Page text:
U.S. energy logistics and shipping firm Crowley has secured the first permit from the Panama Maritime Authority to provide liquified natural gas (LNG) bunkering on the Pacific side of the Panama Canal, according to the Florida-based firm.
Crowley will manage the ship-to-ship LNG transfer services for fuel and cryogenic tank cooldown services, with a potential start date sometime in 2024.
LNG bunkering at the canal “is a continuation of ongoing Crowley operations in Central America and the Caribbean, where the firm already distributes LNG,” according to Arturo Cruz, the company’s director of business development.
The company aims not only to supply vessels traveling through the canal, but also container shipping lines running up and down the West Coast of the Americas, and eventually to pipe the fuel to inland communities, he said, adding that, “It’s a corridor that not only has maritime potential, but there are communities that could benefit from the availability of natural gas,” Cruz said.
Crowley chose to focus on LNG for Panama because the global infrastructure is pretty much ready, the order books are increasingly filled with dual-fuel engines for vessels, and its use is increasingly widespread, according to Cruz.
Like many maritime firms, Crowley expects demand for LNG to grow as more ships utilize cleaner fuels to comply with greenhouse gas regulations, cost imperatives, and public pressure. LNG is broadly considered a practical transitional fuel and multiple companies are ordering new LNG-powered vessels.
It’s premature to speculate on the demand for LNG bunkering at Panama, according to Cruz, but he expects a few vessels a month when the infrastructure becomes operational, increasing to several vessels a week.
“Definitely there is a market available for this transitional fuel, particularly since the Panama Canal Authority has shared its focus on reducing emissions and supporting the environment,” he said.
Economist Willy C. Shih, in a report published in the Harvard Business Review in 2022, said “CMA CGM, the third-largest container line, has made a big bet on liquified natural gas as an interim transition fuel and plans ultimately to go to some form of hydrogen. It has already put 12 LNG-powered vessels into service and will have 44 operating by 2024.”
That international firms like CMA CGM plan eventually to go to some form of hydrogen is important for companies investing in LNG bunkering, as future hydrogen fuels with methane carriers can make use of existing infrastructure.
“Long term, when and if we get to the hydrogen economy and hydrogen is made from renewables,” said Peter Keller, chairman of SEA-LNG, an industry coalition. “The infrastructure that we’re building and has been built over the last 50 or 60 years or more that LNG has been a major product around the world is future proof.”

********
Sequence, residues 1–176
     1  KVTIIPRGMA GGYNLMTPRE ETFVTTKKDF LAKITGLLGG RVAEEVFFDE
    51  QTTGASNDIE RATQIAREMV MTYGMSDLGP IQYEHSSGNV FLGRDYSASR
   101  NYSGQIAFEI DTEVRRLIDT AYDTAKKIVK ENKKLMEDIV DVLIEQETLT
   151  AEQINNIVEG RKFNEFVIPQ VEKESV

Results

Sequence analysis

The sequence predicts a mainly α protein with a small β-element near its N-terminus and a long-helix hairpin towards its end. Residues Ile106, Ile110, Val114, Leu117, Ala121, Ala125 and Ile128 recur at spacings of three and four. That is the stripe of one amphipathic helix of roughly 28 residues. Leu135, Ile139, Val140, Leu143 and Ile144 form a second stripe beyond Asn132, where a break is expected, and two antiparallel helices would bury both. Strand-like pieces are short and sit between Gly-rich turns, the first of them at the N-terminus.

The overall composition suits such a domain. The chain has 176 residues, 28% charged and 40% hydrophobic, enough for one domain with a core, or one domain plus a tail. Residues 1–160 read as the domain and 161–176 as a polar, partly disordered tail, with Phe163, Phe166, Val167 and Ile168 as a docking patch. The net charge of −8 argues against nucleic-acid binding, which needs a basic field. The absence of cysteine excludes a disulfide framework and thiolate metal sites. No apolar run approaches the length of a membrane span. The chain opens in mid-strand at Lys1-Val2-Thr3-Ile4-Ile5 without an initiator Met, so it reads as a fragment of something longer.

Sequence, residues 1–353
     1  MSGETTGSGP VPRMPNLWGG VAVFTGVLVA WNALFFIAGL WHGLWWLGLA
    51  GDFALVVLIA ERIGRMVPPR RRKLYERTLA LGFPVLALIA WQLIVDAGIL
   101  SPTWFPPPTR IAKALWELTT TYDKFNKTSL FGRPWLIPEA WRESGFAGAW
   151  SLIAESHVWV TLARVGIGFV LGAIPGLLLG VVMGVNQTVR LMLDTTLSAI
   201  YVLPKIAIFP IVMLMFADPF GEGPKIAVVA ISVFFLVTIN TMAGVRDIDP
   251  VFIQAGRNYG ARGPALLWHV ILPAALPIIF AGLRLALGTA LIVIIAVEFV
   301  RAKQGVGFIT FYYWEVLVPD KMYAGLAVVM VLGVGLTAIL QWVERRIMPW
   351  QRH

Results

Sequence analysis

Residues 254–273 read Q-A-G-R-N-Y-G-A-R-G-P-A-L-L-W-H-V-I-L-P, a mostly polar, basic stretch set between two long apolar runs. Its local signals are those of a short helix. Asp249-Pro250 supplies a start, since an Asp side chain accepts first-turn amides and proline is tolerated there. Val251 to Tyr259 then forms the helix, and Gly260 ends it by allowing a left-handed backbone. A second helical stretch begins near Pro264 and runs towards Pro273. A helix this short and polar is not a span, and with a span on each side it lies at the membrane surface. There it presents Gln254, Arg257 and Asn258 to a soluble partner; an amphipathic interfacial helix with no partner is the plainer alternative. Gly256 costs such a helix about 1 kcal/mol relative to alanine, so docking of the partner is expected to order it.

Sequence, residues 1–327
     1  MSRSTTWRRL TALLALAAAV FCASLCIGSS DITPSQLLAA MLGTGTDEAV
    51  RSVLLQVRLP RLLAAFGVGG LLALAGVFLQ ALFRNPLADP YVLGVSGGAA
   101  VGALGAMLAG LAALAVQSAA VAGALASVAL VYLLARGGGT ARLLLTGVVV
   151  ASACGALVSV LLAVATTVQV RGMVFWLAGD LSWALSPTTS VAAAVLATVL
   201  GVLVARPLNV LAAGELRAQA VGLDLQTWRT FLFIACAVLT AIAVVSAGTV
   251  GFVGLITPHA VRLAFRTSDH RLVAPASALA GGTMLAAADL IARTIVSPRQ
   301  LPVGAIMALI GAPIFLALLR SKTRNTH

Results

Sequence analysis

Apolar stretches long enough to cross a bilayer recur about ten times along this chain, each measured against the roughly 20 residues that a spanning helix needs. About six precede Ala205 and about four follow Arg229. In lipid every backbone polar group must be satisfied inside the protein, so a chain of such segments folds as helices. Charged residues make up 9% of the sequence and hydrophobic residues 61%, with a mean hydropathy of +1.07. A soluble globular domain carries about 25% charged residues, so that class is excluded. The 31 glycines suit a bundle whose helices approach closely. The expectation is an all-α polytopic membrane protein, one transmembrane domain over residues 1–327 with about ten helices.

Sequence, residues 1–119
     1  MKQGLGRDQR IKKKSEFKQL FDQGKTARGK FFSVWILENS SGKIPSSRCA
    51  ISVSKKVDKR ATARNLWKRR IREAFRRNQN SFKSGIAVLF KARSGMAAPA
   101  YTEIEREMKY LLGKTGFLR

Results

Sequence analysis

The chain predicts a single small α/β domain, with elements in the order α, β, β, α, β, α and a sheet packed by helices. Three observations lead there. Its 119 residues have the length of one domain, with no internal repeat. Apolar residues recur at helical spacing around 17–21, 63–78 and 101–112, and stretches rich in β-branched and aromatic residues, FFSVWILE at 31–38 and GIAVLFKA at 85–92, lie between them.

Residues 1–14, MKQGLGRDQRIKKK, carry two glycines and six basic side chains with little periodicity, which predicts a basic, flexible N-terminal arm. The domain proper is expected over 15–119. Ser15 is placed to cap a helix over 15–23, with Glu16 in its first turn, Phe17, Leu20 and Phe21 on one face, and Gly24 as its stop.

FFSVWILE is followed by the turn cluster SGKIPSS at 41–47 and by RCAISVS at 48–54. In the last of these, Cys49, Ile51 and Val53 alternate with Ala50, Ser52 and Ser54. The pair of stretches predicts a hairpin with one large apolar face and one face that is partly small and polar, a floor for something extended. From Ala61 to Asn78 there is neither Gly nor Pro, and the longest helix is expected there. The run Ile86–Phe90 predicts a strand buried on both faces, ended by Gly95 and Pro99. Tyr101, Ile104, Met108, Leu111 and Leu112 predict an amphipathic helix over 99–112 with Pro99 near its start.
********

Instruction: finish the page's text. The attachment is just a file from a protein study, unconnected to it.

According to Keller, investment in LNG infrastructure is a strong strategy.
“We talk about this energy transition as if it’s almost a mature market, but it is not. It is only starting, and we have a long, long way to go,” he said. “There’s a lot of ships that ultimately will have to be replaced over the next couple decades. When we consider that a ship has a useful life of two to three decades, that’s an awful lot of building and work that has to be done over the next couple of years.”
Opponents of LNG argue that during extraction, emissions of methane, a powerful greenhouse gas and the main constituent of natural gas, can, in some circumstances when handled improperly, make the fuel as dirty as traditional fossil fuels. That is a contributing factor to major carriers like Maersk that opt for methanol.
A Maersk representative told Professional Mariner that “we acknowledge the pathway to net zero is transferring to the use of bio-LNG or e-LNG as soon as possible. Since we do not have any gas ships in our fleet, we prefer the green methanol pathway; this technology is mature, it provides fewer limitations in the form of feedstock availability and transport infrastructure options, and it does not come with a methane slip challenge.”
In a January 2023 article, Mark Radka, head of the United Nations Environment Program’s (UNEP) Energy and Climate Branch, said, “Methane is a powerful greenhouse gas, about 84 times more potent than carbon dioxide measured over a 20-year period, so any emissions undermine its credentials as a better fossil fuel.
“Cleaner is probably not the best word to describe natural gas,” said Radka. “But provided that methane emissions are well managed, it’s not as problematic in terms of planetary warming as coal or oil.”